Johnson & Johnson's new corporate blog, JNJ BTW, deserves close scrutiny as Marc Monseau -- J&J's Corporate Communications Director and main author of JNJ BTW -- finds his "blogger legs" and continues to interact with other bloggers. It is truly an interesting experiment the like of which I haven't seen since the early to mid 90's when individuals within pharma companies launched and maintained their corporate websites with very little oversight from top management.
DISCLOSURE: I know Marc personally and have had several confidential discussions with him about blogging.Recently, JNJ BTW was criticized by Jim Edwards of BrandweekNRX and compared to the Soviet era Pravda newspaper (read his post "J&J's New Corporate Blog: Is It Any Good?"). Marc not only responded to this criticism in a comment to Jim's post, but he also wrote a response in JNJ BTW itself (see "…And Speaking of Work") where he does a good job defending himself.
Not only is Marc responding to blogger criticism, he is also learning from it, I think. He agreed, for example, with my advice to include stories from J&J's rank and file employees (see "Advice to All Pharma PR Bloggers Out There"). Here's what he said about that:
John Mack also recently provided an assessment of JNJ BTW on his Pharma Marketing Blog. In it, he advised me and other corporate bloggers to try to bring in other voices from within their respective organizations.OK. I'll buy that Marc already had plans to do what I suggested. But I made this suggestion some time ago before I even knew Marc (see "A Primer on Pharma Employee Blogging").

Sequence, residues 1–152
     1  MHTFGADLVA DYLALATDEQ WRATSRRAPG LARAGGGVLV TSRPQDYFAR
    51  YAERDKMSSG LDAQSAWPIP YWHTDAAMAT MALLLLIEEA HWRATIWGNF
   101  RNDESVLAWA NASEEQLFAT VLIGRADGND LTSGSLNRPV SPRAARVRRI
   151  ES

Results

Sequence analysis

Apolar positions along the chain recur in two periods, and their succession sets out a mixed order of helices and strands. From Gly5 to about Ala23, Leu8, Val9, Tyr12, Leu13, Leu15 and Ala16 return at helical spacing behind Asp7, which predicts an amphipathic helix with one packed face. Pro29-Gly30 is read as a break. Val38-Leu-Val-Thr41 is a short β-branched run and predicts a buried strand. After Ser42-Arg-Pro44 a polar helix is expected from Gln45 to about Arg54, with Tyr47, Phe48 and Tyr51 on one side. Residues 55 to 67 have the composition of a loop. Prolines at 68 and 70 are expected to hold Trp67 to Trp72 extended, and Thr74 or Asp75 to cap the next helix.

Good advice. It’s actually something I’ve intended to do since I started JNJ BTW.
Just as there are “eight million stories in the naked city,” there are countless stories to be told by the folks who work at Johnson & Johnson or any corporation. I hope to soon have other people from Johnson & Johnson join me on JNJ BTW as guests to talk about some of the things they’ve been working on their personal experiences.
Marc's reference to the noir film The Naked City -- which was inspired by 30's photographer Weegee (the photo above was shot by Weegee) -- is not only apt, but sheds some light on Marc's interests, which I know include films. It's apt because good corporate blogs have been described as "naked conversations" in a book by the same name. [Maybe Marc should rename his blog "The Naked J&J". Just kiddin' Marc!]
The Naked City movie is pretty gruesome as were some of Weegee's photos. Hopefully, we won't see JNJ BTW evolve into that dark realm.
I also hope that JNJ Blog doesn't go the way of pharmaceutical corporate Web sites. In the 90's not too many pharma C-level execs thought too much about the Internet and they were blissfully unaware that their companies even had a Web site. But they soon wised up and took control and what we are left with today are glossy online brochures without souls.
It would definitely be a shame if one day J&J did the same to JNJ BTW. I am sure there are controls already in place just as Marc says. I don't want to hear from corporate J&J. I like hearing from Marc, a real person who signs his posts and reveals snippets of who he is. I hope other employees at J&J will soon join Marc.